Falls said it’s in no one’s interest to have members on protracted medical leave.

“We owe it to our fellow officers who rely on each other for support and backup to manage our workforce responsibly,” he said. “That is why we cannot, in good conscience, pay a full salary indefinitely to an employee whose health prevents them from performing duties within the RCMP.”

Just Posted

Trains no longer blow leading up to the controlled crossing at 49th Avenue in Innisfail. (Photo contributed by the Town of Innisfail)
Innisfail says goodbye to train whistles

Whistles eliminated at four crossings

Red Deer College has been upgrading roofing, mechanical control systems, and lighting with $13 million in capital maintenance funding from the province. (Photo by Advocate staff)
$13 million in maintenance work underway at Red Deer College

Projects improve teaching, learning, and working spaces

Canadian Prime Minister Justin Trudeau waits to take his seat at the EU-Canada Summit Monday June 14, 2021 in Brussels, Belgium. THE CANADIAN PRESS/Adrian Wyld
Trudeau to visit Pfizer on final day of international pandemic trip, begin quarantine

WTO looks at making it easier for developing countries to import expertise, equipment and ingredients for vaccines

Houses under construction in Toronto on Friday, June 26, 2015. THE CANADIAN PRESS/Graeme Roy
CMHC says annual pace of housing starts rose 3.2 per cent in May compared with April

Starts for apartments, condos and other multiple-unit housing projects rose

FILE - In this Wednesday, Nov. 30, 2013 file photo, customers leave an IKEA store in Plaisir, west of Paris. A French court has ordered home furnishings giant Ikea to pay more than $1.2 million in fines and damages Tuesday, June 15, 2021 over a campaign to spy on union representatives. (AP Photo/Remy de la Mauviniere, FIle)
Ikea fined $1.3 million over spying campaign in France

Convicted of receiving personal data obtained through fraudulent means in a habitual way

Canadian Prime Minister Justin Trudeau participates in a plenary session at the G7 Summit in Carbis Bay, England on Friday June 11, 2021. THE CANADIAN PRESS/Adrian Wyld
Canada donating 13M surplus COVID-19 vaccine doses to poor countries

Trudeau says the government will pay for 87 million shots to be distributed to poor countries

A man uses the Ethereum ATM, beside a Bitcoin ATM, in Hong Kong on May 11, 2018. The federal financial intelligence centre warns that violent extremists driven by racial hatred and other ideologies are increasingly turning to virtual currencies for fundraising. THE CANADIAN PRESS/AP, Kin Cheung
Violent extremists driven by ideology turning to virtual currencies: federal centre

OTTAWA — The federal financial intelligence centre warns that violent extremists driven… Continue reading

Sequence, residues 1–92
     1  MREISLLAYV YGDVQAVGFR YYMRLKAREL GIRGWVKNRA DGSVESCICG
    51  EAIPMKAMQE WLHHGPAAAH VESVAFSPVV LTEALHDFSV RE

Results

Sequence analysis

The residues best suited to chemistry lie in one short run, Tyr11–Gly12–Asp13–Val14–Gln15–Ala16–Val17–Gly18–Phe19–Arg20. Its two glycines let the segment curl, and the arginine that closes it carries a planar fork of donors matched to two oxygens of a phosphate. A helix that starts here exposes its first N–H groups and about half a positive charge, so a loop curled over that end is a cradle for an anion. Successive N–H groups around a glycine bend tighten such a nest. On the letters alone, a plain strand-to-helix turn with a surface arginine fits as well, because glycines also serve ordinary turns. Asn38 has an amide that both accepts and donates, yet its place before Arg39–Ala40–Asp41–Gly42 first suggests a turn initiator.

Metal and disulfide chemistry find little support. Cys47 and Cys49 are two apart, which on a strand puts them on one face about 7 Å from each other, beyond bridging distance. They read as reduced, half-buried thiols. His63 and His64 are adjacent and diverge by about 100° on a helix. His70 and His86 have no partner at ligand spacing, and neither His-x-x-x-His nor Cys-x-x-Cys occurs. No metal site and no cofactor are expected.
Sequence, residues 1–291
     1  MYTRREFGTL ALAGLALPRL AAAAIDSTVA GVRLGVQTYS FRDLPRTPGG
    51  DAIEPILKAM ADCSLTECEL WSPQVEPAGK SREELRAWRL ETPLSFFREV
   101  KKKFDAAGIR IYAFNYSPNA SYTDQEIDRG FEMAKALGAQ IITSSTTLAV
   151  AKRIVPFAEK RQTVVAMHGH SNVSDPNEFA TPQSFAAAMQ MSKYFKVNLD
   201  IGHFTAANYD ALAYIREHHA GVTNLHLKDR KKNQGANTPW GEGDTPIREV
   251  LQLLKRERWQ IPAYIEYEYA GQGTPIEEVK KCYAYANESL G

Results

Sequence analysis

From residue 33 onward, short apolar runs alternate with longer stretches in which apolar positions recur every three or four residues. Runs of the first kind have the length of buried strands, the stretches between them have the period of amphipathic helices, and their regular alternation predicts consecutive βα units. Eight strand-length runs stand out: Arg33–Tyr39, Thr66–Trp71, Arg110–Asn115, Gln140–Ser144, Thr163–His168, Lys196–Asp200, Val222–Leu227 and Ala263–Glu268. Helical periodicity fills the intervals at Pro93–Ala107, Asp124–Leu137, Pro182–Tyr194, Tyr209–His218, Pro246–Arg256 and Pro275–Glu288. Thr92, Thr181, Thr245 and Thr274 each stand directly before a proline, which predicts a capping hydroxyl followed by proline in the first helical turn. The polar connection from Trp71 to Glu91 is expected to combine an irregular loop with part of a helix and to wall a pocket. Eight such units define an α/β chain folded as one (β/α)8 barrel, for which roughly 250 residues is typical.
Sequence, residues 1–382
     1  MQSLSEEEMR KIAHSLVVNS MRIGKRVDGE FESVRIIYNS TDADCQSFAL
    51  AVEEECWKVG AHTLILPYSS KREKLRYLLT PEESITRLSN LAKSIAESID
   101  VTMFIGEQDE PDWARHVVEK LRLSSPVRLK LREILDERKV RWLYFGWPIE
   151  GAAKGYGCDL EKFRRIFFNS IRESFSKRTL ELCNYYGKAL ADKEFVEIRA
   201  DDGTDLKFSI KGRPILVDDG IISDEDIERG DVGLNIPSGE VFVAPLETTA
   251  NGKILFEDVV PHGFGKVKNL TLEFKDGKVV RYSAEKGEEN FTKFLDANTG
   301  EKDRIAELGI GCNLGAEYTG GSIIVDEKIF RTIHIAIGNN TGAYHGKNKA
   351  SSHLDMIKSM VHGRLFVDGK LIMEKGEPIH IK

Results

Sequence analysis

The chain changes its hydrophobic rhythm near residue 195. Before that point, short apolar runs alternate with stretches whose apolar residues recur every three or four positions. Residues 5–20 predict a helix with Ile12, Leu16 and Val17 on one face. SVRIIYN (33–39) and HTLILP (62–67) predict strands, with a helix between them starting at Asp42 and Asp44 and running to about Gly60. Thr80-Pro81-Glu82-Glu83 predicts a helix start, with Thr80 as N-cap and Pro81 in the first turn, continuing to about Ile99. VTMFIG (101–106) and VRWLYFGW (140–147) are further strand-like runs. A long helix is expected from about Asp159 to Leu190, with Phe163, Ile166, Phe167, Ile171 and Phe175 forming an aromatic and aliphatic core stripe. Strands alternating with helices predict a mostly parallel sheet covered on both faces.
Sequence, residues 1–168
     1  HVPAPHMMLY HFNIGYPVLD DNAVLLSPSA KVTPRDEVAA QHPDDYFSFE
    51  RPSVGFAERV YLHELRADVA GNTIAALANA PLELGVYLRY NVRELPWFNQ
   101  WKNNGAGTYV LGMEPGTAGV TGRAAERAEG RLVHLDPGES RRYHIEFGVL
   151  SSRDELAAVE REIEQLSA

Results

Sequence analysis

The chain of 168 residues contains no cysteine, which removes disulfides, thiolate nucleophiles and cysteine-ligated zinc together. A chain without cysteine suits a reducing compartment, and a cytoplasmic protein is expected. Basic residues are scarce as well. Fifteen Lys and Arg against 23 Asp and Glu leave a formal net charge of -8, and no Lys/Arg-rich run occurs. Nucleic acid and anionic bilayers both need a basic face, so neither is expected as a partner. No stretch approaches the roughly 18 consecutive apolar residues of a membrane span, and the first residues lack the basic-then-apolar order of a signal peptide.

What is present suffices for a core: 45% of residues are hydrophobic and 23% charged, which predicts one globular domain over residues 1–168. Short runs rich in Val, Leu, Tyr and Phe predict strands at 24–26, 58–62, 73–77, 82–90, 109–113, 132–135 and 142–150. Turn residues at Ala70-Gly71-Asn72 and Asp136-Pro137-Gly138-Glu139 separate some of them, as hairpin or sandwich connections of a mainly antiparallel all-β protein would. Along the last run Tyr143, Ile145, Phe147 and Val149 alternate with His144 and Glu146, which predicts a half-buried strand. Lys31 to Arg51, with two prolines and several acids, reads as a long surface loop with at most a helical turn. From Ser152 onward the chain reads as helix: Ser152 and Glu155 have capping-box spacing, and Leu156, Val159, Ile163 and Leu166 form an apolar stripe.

A coal mining operation in Sparwood, B.C., is shown on Wednesday, Nov. 30, 2016. A lengthy new report commissioned by landowners near proposed new Alberta coal mines concludes mines would create environmental liabilities that exceed their economic benefits. THE CANADIAN PRESS/Jeff McIntosh
Study warns Alberta has failed to consider damage to foothills from coal mining

A lengthy new report commissioned by landowners near proposed Alberta coal mines… Continue reading

Children's shoes and flowers are shown after being placed outside the Ontario legislature in Toronto on Monday, May 31, 2021. THE CANADIAN PRESS/Frank Gunn
Ontario commits $10 million to investigate burial sites at residential schools

Ontario is committing $10 million over three years to identify, investigate and… Continue reading

Opinion
Opinion: Governments should come together to collaborate paid sick leave in Canada

If we let our guard down, COVID-19 is highly transmissible and will… Continue reading

Finnish players celebrate with their fans after the Euro 2020 soccer championship group B match between Denmark and Finland at Parken stadium in Copenhagen, Denmark, Saturday, June 12, 2021. Finland won 1-0. (Friedemann Vogel/Pool via AP)
Finland plays Russia with Euro 2020 knockout stage in reach

Finns played in their first ever game at a major soccer tournament

Scotland’s Allan Dell (1) is tackled by Canada’s Matt Heaton (7) and Lucas Rumball (6) during first half action of men’s international rugby in Edmonton, Alta., on June 9, 2018. Heaton, of Rugby ATL, Ben LeSage and Lucas Rumball, both of the Toronto Arrows, will co-captain Canada next month for rugby test matches in Wales and England. THE CANADIAN PRESS/Jason Franson
Canada names 30-man roster for July rugby internationals against Wales, England

July test marks the first games for Canadian men since October 2019 at the Rugby World Cup

Most Read